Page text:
Dust in the distributor cap

As I mentioned before, I’ve been having a problem with my MGB. It runs fine and strong, but after a bit it starts ‘missing’. Last week this happened and as I was limping home it quit altogether. I got it started again, made the two miles back to the house, and it died in the driveway.

At first I thought it might be a loose spark plug wire. If it was running on three, that seemed logical. But when it quit entirely I began to think the problem might lie elsewhere. So: Spark, fuel, or oxygen? I never considered the air cleaners. They’re K&Ns as new as the rest of the engine (a couple thousand miles since a complete rebuild). The car was backfiring when it was missing. I talked to the guy who put the car together and he said this implies that fuel is getting into the system; so we ruled out a failure of the (new) fuel pump. It occurred to me that it’s been raining recently, and that even on sunny days the car has quite a lot of dew on it in the mornings. Condensation in the distributor cap? (Incidentally, it’s a new cap with a new rubber grommet and silicone wires that are supposed to be better in damp climates than stock ones.)

Today I popped off the distributor cap and saw that it was dusty inside. I wiped it out with a paper towel and went for a drive. I guess I did about ten miles, which is farther than I got last week. Ran like a champ. Admittedly I did not go very far, and when I brought this up a few months ago it started acting up after 20 miles. But there is this: When I started it today it ran typically rough when cold. It was not warmed to operating temperature, but to about 160ºF and it died. After wiping the distributor cap it started right up and idled normally.

The question: Is is likely that the dust in the distributor cap is what caused the problems?

This is not a dusty part of the country. The rubber grommet is new, as are the Pertronix electronic ignition, Lucas coil, and wires. Whether or not the dust is the culprit, how did it get in?

If this “dust” did not/could not get in from the top because of spiffy new seals on the wires and cap-to-distributor-body, it got there either from the bottom - which is even more probematic, obviously, or was generated internally.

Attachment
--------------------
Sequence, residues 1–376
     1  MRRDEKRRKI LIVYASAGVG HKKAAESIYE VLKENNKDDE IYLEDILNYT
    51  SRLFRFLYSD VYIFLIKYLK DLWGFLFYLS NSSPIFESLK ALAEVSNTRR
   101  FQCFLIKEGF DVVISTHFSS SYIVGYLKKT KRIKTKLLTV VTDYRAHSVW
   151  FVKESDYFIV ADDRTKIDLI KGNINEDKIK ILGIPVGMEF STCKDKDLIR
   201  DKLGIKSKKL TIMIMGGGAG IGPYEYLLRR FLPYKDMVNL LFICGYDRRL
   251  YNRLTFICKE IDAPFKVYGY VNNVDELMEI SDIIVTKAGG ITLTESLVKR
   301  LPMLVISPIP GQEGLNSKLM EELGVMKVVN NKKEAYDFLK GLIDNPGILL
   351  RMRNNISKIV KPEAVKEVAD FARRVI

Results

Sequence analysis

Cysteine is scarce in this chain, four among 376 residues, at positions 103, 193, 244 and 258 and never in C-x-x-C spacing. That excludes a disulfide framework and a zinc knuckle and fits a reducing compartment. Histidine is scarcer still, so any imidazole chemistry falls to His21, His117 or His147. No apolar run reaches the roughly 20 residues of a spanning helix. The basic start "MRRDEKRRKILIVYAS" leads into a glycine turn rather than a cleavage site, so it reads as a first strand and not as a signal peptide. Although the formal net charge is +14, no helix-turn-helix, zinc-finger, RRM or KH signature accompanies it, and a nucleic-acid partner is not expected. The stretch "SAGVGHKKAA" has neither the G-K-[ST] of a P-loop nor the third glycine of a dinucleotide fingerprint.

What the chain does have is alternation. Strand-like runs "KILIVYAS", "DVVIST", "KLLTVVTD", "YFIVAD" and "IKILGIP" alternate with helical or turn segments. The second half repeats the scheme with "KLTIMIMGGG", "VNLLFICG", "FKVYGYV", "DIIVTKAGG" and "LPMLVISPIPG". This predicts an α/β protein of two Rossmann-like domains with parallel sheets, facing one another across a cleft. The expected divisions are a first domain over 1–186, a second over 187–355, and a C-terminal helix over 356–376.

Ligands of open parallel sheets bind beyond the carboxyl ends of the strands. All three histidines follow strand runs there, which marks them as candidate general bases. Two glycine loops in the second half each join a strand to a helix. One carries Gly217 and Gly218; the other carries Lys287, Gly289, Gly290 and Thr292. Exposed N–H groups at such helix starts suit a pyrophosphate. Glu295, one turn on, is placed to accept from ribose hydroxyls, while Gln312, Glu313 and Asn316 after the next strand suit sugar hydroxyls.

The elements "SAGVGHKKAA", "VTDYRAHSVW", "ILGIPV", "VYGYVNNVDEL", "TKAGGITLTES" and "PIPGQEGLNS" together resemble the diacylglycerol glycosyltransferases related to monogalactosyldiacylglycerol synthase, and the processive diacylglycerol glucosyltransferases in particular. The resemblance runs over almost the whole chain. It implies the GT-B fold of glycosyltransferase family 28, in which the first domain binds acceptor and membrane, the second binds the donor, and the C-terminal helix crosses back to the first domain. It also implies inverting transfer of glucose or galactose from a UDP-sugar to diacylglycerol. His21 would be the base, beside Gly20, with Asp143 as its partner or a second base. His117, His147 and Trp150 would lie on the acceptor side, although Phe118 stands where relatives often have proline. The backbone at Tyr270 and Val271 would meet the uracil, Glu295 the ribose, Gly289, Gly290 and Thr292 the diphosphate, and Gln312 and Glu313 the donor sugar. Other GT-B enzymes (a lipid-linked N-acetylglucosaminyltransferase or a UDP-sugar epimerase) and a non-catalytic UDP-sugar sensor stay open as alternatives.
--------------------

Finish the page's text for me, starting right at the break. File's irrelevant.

Next Q: just what is this “dust”? The voltage involved should penetrate most anything which would come up, but if bits of the cap are being scraped off, that dust would certainly be a formidable insulatior.

The engine was completely torn down and professionally rebuilt. Non-rebuildable parts were replaced with new. I don’t think anything is coming up from the engine.

I didn’t look for scraping of the cap (which is new), but there was nothing obvious. The cap is made for the car and it fits very well. Maybe the rotor and electrodes, being new, are too close and the dust is actually metal? It would be conductive, so maybe it’s messing up the timing? Or is the rotor supposed to touch the electrodes?

I’d hate to be stranded, but that’s why I have a AAA card. I think a longer trip might be in order to see if wiping the cap really worked or if there’s an intermittent glitch instead.

The rotor should not touch the cap terminals. If it did, there should be evidence of abrasion on both the rotor tip and the terminals inside the cap. If this is the case, find a slightly shorter rotor, a different cap, or file down the rotor tip a bit. If only one (or some, but not all) of the distributor terminals shows abrasion, that suggests play in the distributor shaft, which would require replacing or rebuilding the distributor to fix properly.

My first thought was that the dust may have come from the graphite brush at the center of the cap. This would be conductive and might have been causing the poor running. If this is the case, it might be due to a poor quality cap, or the part of the rotor that meets the brush might be rough. If the problem recurs, I’d be inclined to replace the cap and rotor with a different brand.

I might be inclined to replace the condenser, considering the cost, which is small, this would eliminate one cause for concern.

Check your air filter too.

Replacement caps and rotors for old British cars are of terrible quality. I am on a couple of mailing lists for old British cars and I don’t think a week goes by without a cap/rotor problem.
The dust is probably from the carbon button in the center of the cap. The source of the failure is most likely a bad rotor. When it gets hot the insulation in the rotor fails, and the rotor starts to fire to ground rather than fire the spark plug.
Try replacing the rotor, and make sure it sits all the way down on the shaft.

I’ve never used a Pertronix electronic ignition before. Is the rotor just a rotor? Or is it a proprietary piece?

As far as I know the rotor is just a rotor. The electronics replace just the points and condenser.

ETA: If you pull the rotor off the shaft and look inside, you might be able to see where the spark has been jumping to ground.

Thanks, Rick. I’ll have a look. If I’m lucky, there’s a spare rotor in a box in the car. If not, I suspect a rotor is going to be hard to find locally and I’ll have to order one from Moss.

Vickie Brits is closer to you (Victoria British)

Send my money to a Red State (Kansas)? :eek: :wink:

I did buy a couple of things from them. Moss rejected the windshields from their supplier because the were the wrong shape, and so they were unavailable. Victoria British had ones that fit, so that’s what’s on the car. But I’ve been buying from Moss since my first MGB and they’re just down in California. (And they have a nicer catalogue.)

IIRC (I’ve never used one, but I have looked into them), the Pertonix parts replace the points and cam. The cap and rotor are not replaced.